Last Updated on September 5, 2023, by eNotes Editorial. Word Count: 403
O’Neil harnesses the power of her analogy to organize the contents of her book. The analogy, of course, is the famous phrase “weapons of mass destruction,” coined during the George W. Bush administration. The original phrase was used to refer to nuclear missiles and the like that posed a threat to national security. Seizing on this allusion, O’Neil changes the phrase to “weapons of math destruction” to indicate how Big Data is the most tangible threat to our national security. While she does not refer to military threats in her book, she does focus on the integrity of our democracy when referring to national security.
Each chapter of the text bears a title that alludes to this analogy. In “Bomb Parts,” O’Neil explains how mathematical models are created as the foundation for data analysis, much like the individual components of an explosive WMD.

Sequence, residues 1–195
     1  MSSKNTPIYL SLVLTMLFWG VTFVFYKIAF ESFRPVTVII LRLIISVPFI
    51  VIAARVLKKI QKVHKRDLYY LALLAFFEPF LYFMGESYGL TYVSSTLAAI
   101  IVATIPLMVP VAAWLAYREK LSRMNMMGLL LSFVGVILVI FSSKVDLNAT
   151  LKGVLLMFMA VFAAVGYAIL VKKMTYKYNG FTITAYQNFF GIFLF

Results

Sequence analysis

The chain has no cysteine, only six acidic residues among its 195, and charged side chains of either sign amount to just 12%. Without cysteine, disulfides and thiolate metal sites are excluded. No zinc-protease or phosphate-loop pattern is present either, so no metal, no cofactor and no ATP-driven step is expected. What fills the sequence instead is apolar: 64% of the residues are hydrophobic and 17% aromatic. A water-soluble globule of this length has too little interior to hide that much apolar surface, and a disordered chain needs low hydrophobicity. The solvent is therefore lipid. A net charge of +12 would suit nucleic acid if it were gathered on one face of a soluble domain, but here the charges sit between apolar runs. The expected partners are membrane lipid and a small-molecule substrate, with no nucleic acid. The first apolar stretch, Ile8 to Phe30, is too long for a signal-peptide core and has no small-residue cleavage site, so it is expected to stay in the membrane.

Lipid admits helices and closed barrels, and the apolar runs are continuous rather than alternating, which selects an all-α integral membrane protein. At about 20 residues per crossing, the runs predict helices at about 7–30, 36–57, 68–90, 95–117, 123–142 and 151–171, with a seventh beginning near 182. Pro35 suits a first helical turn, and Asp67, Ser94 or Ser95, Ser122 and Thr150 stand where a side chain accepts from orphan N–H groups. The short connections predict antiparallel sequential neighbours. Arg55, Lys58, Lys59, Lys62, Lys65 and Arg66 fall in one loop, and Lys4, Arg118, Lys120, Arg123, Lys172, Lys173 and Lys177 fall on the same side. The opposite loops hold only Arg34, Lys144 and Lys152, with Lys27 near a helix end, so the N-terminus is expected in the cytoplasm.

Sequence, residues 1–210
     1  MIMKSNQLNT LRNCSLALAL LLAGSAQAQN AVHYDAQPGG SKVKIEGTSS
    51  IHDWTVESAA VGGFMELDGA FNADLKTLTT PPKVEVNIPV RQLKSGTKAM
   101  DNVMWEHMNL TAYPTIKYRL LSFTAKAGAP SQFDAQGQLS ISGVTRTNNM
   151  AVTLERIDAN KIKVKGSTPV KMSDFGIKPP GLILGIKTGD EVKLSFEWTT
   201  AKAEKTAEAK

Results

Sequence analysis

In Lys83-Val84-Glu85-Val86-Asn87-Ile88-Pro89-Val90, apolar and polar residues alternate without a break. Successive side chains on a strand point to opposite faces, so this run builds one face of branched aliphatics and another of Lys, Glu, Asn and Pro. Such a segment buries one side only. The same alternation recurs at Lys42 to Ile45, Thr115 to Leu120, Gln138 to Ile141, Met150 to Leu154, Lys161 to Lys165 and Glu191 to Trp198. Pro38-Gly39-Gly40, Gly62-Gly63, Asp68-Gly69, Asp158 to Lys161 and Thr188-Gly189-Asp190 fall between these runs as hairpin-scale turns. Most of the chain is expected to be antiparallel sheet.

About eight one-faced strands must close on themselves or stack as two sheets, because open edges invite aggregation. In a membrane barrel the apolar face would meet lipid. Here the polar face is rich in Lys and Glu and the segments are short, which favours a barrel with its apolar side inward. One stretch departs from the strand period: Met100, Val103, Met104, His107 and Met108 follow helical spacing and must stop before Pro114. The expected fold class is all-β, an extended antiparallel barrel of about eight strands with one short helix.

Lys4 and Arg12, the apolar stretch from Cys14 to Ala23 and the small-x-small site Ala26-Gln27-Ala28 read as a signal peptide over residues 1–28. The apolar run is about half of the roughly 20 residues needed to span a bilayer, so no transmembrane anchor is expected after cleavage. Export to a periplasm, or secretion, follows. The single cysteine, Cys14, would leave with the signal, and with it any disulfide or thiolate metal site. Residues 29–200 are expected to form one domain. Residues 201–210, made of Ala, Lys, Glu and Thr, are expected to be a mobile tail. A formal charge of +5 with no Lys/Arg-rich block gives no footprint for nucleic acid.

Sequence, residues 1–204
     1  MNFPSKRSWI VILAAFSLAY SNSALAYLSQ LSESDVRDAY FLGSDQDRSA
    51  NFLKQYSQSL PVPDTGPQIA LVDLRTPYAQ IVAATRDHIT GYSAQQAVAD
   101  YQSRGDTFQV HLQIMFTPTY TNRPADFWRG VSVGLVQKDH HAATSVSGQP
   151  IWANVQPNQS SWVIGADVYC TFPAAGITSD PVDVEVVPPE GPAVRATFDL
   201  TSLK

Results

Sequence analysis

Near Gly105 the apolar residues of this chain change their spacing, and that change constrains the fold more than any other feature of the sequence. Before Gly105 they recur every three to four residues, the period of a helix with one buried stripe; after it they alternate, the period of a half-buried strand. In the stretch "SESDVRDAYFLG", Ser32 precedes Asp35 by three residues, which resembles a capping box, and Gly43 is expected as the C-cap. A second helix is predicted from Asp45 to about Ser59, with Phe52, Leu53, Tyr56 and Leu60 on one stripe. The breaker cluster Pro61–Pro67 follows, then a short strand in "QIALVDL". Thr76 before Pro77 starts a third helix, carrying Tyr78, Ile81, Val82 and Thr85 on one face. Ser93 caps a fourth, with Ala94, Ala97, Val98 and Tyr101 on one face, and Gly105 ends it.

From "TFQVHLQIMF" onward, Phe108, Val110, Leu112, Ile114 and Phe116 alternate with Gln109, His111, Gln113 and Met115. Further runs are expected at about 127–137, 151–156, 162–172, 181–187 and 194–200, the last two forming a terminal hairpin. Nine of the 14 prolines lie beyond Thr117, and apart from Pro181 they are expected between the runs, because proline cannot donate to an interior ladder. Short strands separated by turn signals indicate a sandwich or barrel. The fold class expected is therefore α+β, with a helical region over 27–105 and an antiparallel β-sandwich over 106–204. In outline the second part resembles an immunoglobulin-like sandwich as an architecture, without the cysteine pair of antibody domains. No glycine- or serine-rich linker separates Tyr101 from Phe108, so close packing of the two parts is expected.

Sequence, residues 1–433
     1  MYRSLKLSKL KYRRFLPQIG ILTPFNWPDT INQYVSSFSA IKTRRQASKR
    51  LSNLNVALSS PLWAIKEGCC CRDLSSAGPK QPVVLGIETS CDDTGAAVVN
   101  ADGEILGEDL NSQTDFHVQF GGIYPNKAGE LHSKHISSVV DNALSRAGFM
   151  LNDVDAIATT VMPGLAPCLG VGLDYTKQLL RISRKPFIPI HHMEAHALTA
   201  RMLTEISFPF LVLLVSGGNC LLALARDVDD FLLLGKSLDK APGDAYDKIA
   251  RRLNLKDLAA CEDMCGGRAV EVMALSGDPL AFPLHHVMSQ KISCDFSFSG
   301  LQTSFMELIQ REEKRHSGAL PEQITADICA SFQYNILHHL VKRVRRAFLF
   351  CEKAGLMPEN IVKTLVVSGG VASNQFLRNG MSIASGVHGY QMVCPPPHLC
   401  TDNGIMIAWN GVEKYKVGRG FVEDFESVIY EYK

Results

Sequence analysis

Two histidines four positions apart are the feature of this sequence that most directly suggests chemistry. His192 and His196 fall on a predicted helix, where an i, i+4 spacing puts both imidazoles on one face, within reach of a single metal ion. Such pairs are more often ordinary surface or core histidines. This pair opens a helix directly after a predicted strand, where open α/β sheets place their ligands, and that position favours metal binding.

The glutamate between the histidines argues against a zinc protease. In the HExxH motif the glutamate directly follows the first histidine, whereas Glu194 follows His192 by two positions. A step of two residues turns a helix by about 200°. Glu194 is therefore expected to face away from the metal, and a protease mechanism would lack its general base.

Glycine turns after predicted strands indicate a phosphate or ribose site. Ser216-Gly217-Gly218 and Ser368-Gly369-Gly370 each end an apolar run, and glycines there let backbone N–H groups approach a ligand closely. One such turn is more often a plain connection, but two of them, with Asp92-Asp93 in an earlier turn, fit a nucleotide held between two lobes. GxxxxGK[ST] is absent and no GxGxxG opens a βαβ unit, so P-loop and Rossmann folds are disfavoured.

In “Shell Shocked,” O’Neil describes her personal relationship to the topic and how she became disillusioned with Big Data. Much like what happens when someone is victim to an explosive attack, O’Neil was dismayed, after working in the finance and e-commerce industries, to realize how math was being used to manipulate and harm people.
In “Arms Race,” O’Neil likens the competition for higher rankings on the US News college list to a nuclear arms race. The rankings encourage schools to improve their scores rapidly by whatever means necessary, even if that means sacrificing integrity, making this an apt metaphor.
“Propaganda Machine” and “Civilian Casualties” relate the ways in which individuals are at the mercy of a much more powerful system.
“Ineligible to Serve,” “Sweating Bullets,” and “Collateral Damage” continue the militaristic theme. In each of these chapters, O’Neil explains how data is used to restrict individuals in the job market, thereby affecting their ability to improve their socioeconomic status. This motif is particularly effective because individual soldiers in the military are often mere cogs in a much larger machine that benefits from their sacrifices and views them as disposable.
Her final chapters, “No Safe Zone” and “The Targeted Citizen,” suggest via their titles that no one is safe from the devastating effects of WMDs, just as nuclear weapons of mass destruction can mercilessly decimate entire populations.
Overall, O’Neil’s use of terminology that alludes to nuclear war underscores the gravity with which she believes the danger of Big Data should be treated.